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Old 01-13-2015, 07:51 PM   #1
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Plugging in to a house

So I am living in my airstream...I'm currently living in an RV park but I have an opportunity to park on a friend's property. She's willing to let me hook into her house. So sewer and water are easy...but what about electric?? Any thoughts or experiences with this? Constantly tripping breakers?

Thanks!
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Old 01-13-2015, 08:07 PM   #2
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You need 30 amp if you plan on using an elec heater or a/c; 20 amp will not support a/c ( it will support one 1500 watt heater).


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Old 01-13-2015, 08:10 PM   #3
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Welcome to the Forums. We're glad to have you with us.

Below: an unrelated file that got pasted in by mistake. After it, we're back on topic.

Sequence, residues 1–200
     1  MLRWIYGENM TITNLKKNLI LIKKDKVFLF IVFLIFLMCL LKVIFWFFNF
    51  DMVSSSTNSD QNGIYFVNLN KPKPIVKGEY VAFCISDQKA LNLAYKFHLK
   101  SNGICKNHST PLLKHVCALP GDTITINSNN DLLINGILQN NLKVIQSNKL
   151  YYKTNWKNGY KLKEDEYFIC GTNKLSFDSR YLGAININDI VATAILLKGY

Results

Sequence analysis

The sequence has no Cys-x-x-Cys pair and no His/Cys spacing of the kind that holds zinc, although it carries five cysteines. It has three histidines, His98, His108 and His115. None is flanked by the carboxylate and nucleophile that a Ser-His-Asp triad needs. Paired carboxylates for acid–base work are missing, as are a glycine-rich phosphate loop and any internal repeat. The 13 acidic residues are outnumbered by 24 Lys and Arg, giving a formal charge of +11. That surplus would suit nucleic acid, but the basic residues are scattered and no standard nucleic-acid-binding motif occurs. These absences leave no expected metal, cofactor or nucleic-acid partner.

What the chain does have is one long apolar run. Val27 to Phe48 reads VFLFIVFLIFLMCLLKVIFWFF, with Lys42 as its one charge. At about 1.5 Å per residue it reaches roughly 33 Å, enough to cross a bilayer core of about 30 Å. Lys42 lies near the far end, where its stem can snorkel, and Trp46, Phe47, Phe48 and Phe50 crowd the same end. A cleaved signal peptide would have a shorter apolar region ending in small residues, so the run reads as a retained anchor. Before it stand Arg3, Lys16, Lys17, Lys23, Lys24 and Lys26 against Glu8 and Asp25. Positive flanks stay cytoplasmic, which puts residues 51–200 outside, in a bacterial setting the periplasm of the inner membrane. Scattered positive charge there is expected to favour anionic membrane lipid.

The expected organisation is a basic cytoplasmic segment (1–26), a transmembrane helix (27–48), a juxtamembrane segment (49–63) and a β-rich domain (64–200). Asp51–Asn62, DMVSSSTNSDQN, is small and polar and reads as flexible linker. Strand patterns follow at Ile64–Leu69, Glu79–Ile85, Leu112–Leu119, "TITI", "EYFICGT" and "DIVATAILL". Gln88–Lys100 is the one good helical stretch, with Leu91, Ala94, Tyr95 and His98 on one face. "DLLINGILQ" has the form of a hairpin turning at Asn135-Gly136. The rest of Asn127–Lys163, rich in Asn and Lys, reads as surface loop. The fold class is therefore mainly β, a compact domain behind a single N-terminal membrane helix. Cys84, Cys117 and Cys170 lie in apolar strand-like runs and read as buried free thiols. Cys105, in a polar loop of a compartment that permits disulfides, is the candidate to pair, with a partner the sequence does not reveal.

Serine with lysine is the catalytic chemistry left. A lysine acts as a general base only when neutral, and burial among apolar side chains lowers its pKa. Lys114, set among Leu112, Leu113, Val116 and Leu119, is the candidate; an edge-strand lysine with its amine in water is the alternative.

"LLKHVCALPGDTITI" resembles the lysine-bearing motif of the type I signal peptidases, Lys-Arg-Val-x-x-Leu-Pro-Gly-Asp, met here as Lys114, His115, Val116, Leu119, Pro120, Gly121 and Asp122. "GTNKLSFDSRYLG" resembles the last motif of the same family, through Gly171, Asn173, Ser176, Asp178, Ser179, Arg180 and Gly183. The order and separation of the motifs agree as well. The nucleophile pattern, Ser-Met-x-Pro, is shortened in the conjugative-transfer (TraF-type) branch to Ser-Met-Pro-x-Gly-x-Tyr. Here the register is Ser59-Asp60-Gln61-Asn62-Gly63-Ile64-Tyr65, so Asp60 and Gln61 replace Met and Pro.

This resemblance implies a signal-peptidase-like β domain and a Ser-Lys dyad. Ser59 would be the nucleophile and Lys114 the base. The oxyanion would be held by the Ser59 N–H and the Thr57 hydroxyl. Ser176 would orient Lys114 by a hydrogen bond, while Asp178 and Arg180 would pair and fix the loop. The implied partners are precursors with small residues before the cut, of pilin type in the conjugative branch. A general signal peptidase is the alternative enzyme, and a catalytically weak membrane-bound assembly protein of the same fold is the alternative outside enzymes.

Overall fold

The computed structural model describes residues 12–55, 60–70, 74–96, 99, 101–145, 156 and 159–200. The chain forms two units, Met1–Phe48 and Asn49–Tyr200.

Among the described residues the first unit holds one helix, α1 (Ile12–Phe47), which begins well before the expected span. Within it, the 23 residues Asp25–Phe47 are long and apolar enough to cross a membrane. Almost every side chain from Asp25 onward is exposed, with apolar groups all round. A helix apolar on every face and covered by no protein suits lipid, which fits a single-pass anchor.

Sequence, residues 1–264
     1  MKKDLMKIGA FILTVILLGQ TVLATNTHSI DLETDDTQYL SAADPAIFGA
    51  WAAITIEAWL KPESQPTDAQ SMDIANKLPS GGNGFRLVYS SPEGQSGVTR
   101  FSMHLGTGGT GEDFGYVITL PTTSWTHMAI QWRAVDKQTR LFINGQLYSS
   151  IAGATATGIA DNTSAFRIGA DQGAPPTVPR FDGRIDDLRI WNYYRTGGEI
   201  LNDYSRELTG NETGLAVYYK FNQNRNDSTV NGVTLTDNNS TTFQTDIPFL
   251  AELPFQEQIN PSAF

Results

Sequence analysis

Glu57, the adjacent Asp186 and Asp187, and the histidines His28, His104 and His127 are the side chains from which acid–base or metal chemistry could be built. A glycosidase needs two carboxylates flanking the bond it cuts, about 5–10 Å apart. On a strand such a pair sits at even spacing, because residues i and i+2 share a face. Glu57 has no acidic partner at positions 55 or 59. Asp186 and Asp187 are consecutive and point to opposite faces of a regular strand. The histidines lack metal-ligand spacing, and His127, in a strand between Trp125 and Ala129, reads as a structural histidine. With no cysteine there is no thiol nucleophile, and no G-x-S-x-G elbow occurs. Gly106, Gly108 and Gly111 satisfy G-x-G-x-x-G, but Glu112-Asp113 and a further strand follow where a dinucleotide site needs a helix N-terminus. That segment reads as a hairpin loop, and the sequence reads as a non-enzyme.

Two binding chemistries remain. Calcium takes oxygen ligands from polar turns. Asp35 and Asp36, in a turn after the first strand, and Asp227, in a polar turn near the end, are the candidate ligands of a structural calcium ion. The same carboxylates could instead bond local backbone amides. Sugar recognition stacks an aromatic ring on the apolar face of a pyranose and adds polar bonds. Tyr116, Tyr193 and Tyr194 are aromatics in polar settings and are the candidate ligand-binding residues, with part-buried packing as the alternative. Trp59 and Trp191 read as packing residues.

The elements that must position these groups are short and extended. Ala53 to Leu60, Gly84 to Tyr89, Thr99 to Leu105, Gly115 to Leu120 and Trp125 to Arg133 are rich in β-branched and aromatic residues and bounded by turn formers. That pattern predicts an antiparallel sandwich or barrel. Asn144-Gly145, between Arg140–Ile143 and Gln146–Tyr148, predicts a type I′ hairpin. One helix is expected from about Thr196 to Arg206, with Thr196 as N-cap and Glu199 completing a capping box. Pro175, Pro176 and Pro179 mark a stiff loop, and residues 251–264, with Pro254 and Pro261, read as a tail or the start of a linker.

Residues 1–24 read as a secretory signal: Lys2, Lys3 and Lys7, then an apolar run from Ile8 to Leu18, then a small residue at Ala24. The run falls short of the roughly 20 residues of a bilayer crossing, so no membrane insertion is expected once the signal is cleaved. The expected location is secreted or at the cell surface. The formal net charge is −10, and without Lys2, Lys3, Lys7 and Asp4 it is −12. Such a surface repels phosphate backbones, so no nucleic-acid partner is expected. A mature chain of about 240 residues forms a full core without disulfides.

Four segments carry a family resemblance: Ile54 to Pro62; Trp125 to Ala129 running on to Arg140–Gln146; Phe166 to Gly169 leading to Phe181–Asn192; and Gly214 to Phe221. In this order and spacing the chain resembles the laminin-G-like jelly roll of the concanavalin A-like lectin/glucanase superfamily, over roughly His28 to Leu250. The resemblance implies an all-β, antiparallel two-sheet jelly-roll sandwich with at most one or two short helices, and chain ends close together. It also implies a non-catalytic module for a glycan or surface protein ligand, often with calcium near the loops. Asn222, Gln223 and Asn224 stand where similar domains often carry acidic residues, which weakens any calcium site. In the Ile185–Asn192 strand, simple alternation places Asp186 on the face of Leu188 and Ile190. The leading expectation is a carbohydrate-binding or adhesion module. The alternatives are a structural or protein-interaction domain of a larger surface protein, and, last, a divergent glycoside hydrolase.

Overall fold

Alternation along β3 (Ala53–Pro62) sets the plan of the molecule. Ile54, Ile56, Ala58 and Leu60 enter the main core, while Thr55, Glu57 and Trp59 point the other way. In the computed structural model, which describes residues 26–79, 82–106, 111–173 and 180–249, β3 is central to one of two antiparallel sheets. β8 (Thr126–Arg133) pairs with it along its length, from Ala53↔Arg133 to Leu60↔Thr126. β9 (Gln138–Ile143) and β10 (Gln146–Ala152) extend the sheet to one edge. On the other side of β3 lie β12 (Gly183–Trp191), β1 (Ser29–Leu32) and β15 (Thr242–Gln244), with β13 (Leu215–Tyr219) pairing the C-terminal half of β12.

As to your question, you would be best to install a dedicated 30 amp RV outlet at the house. You can try working off of 15 and 20 amp household outlets, but will most likely encounter electrical problems.

I would suggest having a licensed electrician do the 30 amp installation. It will probably cost in the vicinity of $500.

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Old 01-13-2015, 08:10 PM   #4
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Btw, if you have an electrician friend, you might be able to get them to add a 30 amp rv outlet pretty reasonable , it shouldn't cost too much regardless .


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Old 01-13-2015, 08:38 PM   #5
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Hi, we spent several weeks in a friend's driveway and it worked good for us. Sewer was quite a distance but I made it work. Water was no problem. And we had a 20 amp outlet that only tripped when using our air conditioner and the micro-wave at the same time. [re-set the breaker and all is well]
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Old 01-13-2015, 08:43 PM   #6
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For sure, a dedicated 30 Amp, or if you have a desire for lots of electricity usage simultaneously i.e., hair dryer, A/C, microwave, etc. a 50 Amp might be good if you have an AS with 50 Amp input (two A/C units.)